Sanders  Courtney

          Before the War of the Rebellion had begun to call for the manhood of the nation, James Courtney and his family, of Harrison county, Kentucky, started northward to found a new home.  It was in 1855 that the family settled in section 9, Shelby township, Shelby county, Indiana, and became Hoosiers.  One of the children was Sanders Courtney, who was born in old Kentucky, on his father's farm, and assisted his father in starting a home in Indiana.  He was but a stripling, being born in 1842, and he knew what the privations and hardships were in starting a new home in a new and alien state.  The elder Courtney was no pampered child of fortune, and what of the world's possessions in his hands came there by dint of hard work and savings.  The land he took up in Shelby county was wild and rough.  He obtained fifty-two acres and set about to make a home.  There was an old log cabin on the place, and this he made comfortable, and set about making his farm tillable.  He was nobly assisted by his wife, who was  Elizabeth McKinney before her marriage, and, like her husband, a native of the Blue Grass state.  The two worked hard and in after years saw the result of their labor.  They both died on the old home place they had helped to make.  To the union were born five children, as follows:  Edward, deceased;  Sanders, the subject of this review;  Richard,  single and retired as a farmer;  Eliza Frances, dead;  James, dead.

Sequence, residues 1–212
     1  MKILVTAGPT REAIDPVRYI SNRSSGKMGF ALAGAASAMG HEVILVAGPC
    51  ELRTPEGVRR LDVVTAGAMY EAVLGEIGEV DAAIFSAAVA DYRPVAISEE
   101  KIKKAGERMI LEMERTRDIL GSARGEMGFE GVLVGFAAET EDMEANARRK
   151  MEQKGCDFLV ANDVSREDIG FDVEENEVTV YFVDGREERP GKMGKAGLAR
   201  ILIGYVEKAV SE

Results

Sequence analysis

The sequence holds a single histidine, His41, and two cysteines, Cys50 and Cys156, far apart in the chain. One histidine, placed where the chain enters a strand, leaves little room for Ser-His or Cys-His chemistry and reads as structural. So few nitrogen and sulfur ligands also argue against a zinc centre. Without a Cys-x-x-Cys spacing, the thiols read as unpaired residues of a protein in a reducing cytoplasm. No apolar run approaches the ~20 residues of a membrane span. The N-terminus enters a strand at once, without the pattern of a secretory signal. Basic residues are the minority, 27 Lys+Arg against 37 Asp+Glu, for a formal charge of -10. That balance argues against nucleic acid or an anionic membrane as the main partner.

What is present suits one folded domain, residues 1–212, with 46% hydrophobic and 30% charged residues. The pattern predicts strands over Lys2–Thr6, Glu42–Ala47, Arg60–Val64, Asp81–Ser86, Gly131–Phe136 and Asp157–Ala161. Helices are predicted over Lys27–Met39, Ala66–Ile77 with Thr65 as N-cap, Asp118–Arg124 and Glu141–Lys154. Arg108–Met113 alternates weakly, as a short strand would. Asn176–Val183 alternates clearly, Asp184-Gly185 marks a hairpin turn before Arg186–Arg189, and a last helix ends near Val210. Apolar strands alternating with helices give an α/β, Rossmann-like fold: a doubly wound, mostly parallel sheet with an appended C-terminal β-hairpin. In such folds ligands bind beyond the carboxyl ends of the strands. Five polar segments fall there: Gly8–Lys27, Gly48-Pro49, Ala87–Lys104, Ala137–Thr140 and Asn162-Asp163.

Sanders Courtney obtained a meager education in the common schools and when he was twenty-one years old started to do for himself.  He was married on March 10, 1864, to  Mary R. Parish.  She was a native of  Kentucky, having been born in Mercer county, and a daughter of Charles J. and Elizabeth Ann (Seth) Parish.  The Parishes came to Johnson county, Indiana, in 1855, where Charles Parish obtained employment in a mill as a miller. Three years later they went to Shelby township, Shelby county, where he took up the work of farming, which he continued to his death.  His wife died later in Shelby township. She was noted as a worker in the Christian church.  To this union were born ten children, as follows:  Lucinda, deceased;  David W., deceased;  Elizabeth lives in Washington township;  Mary R., wife of Sanders Courtney;  Polly lives in Kentucky;  Erastus, of Shelbyville, Indiana;  Sallie, deceased;  Henry, deceased;  George, deceased;  Charles, deceased.
          Sanders Courtney, after his marriage, started out to make a home for himself and wife.  Neither were largely endowed with wordly property, and he was forced to go to work for twenty-eight dollars a month until they could get a foothold.  Later he rented a farm and obtained a start, and continued leasing untio 1886, when he purchased twenty acres in section 20, Shelby township.  Here the family lived in a log cabin until the home place was built in 1893.  Sanders Courtney labored incessantly and improved his farm with modern buildings and other improvements, besides adding to his holdings until he has ninety-two acres of valuable land.  Two children were reared and one boy, James, died in infancy. Thomas M. is now occupying a part of his father's farm; he married Amanda Young.  Hugh died when he was nineteen years old. Mr. Courtney has been a farmer all his life and incidentally raises horses and cattle.  he is a lover of fine horses and his farm is well stocked with them.  He has been a life-long Democrat, but has never aspired to office.  His life has been devoted to his family and his farm, and what success he has attained he declares is not only due to himself,but to his faithful, hard-working wife.
Chadwick's History of Shelby County, Indiana, by Edward H. Chadwick, B.A., assisted by well known local talent, B.F. Bowen & Co, Publishers: Indianapolis, IN, 1909, pages 621-622.
Copied by Phyllis Miller Fleming, Jan 2001

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